While I traveled, I read Eat, Pray, Love by Elizabeth Gilbert. In her travels to Italy, India, and Indonesia, she summed up exactly what my trip to Liberia was all about: You abandon your comforting and familiar habits with the hope (the mere hope!) that something greater will be offered you in return for what youve given up.
Of course, what you give up is nothing compared to what the people of any third world country go without. I gained a huge appreciation for everything from hot showers to my safety and opportunities as a woman in the US. Things that used to annoy me big time like the buses that always seem to break down while Im commuting on the NJ Turnpike dont anymore. Instead, Im just happy to travel from Point A to Point B without worrying about my safety. Liberian women still live in that fear, as evidenced by billboards all over the Monrovia roadways that protest rape and abuse.
I realized that something greater Elizabeth Gilbert hinted at was a message I couldnt get just from a series of interviews with MacDella in a cushy New York City apartment. I had to actually follow her from orphanage to orphanage, to see her stand up to Liberian adults who wanted to rip her off, to watch her strategize with the principal of a school. I gained so much depth to a story that proves style and substance balance each other out. With all the celebs who travel and adopt kids from Africa, obviously glamour and social conscience can go hand-in-hand but I guess I needed to see it myself, through someone who isnt a tabloid target, to trust the sincerity of it.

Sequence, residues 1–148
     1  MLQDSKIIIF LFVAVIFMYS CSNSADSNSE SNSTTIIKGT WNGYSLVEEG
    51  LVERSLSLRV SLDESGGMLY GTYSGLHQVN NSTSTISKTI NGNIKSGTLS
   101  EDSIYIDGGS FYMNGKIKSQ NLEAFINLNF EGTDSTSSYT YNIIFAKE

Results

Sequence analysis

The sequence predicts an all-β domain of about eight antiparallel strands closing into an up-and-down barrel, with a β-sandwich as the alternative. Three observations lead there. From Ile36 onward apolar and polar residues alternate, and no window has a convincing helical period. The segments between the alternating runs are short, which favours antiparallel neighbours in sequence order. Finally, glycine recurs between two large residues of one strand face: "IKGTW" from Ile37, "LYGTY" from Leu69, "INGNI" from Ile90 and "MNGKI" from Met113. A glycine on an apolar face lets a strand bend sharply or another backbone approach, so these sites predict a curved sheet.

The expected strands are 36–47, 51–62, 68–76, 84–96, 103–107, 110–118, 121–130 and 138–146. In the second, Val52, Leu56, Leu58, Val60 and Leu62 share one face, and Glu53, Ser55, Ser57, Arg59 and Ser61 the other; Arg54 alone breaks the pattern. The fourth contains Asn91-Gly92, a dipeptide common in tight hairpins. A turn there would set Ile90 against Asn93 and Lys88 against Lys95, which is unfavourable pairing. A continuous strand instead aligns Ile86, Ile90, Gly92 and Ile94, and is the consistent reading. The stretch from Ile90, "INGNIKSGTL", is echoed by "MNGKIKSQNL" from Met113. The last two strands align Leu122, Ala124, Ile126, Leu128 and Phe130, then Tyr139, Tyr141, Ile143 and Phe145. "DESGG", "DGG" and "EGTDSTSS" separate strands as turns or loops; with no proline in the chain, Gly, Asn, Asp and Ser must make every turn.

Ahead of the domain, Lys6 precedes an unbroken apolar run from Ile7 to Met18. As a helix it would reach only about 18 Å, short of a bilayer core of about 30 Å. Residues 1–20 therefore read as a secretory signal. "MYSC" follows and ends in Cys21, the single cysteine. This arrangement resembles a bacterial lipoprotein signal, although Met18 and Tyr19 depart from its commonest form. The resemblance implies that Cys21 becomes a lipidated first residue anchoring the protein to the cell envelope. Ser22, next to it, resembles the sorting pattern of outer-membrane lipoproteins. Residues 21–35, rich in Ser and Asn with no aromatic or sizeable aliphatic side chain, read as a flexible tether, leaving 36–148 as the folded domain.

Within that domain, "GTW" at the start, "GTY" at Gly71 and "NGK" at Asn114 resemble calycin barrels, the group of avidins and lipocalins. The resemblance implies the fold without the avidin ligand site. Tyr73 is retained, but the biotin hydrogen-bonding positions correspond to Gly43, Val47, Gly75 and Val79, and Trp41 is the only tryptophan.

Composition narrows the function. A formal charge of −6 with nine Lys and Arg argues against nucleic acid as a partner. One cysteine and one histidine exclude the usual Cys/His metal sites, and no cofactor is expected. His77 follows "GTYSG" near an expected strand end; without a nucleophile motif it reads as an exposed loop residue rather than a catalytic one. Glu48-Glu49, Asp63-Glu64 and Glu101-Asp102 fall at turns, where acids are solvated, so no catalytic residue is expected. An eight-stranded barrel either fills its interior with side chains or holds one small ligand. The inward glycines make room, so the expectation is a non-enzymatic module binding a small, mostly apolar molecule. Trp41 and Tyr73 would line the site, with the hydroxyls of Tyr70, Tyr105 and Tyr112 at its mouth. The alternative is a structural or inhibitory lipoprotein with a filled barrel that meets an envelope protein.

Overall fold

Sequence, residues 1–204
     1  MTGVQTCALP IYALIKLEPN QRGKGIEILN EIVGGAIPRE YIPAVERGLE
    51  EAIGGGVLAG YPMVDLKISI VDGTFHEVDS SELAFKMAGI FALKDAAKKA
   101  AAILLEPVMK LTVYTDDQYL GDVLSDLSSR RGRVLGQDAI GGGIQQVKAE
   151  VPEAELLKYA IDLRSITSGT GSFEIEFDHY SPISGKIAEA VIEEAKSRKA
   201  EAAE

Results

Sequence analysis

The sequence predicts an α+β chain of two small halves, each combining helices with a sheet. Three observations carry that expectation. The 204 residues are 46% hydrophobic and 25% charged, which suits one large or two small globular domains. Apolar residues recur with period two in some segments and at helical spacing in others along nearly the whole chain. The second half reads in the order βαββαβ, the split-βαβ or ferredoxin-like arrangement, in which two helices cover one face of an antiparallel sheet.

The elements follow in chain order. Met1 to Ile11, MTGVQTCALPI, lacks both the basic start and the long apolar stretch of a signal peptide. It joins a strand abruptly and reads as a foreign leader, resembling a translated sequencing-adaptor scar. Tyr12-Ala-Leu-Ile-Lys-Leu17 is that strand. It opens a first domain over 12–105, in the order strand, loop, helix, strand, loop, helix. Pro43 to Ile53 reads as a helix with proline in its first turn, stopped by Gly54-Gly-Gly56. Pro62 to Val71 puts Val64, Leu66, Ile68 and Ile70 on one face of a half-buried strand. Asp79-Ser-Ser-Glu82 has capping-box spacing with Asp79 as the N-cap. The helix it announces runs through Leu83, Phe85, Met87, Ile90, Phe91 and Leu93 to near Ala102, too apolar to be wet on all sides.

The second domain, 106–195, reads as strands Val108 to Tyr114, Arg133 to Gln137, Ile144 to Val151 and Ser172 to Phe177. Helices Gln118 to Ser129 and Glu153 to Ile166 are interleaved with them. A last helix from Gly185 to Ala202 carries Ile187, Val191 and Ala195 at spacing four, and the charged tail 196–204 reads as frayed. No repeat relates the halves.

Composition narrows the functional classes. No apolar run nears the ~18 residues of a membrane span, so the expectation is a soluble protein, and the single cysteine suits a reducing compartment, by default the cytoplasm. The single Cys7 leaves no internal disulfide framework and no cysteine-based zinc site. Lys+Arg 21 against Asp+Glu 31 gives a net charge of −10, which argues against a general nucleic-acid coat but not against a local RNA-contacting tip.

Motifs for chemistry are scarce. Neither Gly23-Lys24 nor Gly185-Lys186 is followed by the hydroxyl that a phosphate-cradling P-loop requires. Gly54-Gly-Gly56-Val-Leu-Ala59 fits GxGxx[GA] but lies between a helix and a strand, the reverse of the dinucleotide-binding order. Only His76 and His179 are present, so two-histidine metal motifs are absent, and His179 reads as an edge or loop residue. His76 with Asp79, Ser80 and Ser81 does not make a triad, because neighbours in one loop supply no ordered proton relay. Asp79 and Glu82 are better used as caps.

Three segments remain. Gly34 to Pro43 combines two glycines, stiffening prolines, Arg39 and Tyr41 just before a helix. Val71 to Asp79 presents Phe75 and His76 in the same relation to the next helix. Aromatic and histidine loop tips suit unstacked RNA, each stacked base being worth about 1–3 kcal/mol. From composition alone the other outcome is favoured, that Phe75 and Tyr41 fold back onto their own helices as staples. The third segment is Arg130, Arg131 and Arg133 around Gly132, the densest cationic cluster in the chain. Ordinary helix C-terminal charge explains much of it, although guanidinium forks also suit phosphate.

Im going to continue to tell MacDellas story, along with Genevieve, who releases her documentary in May. And were going to help MacDella launch a fashion accessory that is handmade by Liberian women. The proceeds will support their incomes. MacDella is rather camera-shy and modest, despite her former modeling. She doesnt come to the media, so I try to bring the media my world to her. Im not a publicist for MCF though. If I can convince you to support MCF, like by getting your best friends together to sponsor a childs education for $500/year, thats terrific. What I do consider myself is a publicist for the power of one woman to make a huge difference in the world. Whether its a private person like MacDella who pursues her mission without fanfare, or a celebrity who very publicly steps out on a humanitarian platform we have inspiration everywhere. Seize it!
MacDella Cooper Foundation
My Liberia Travel Blog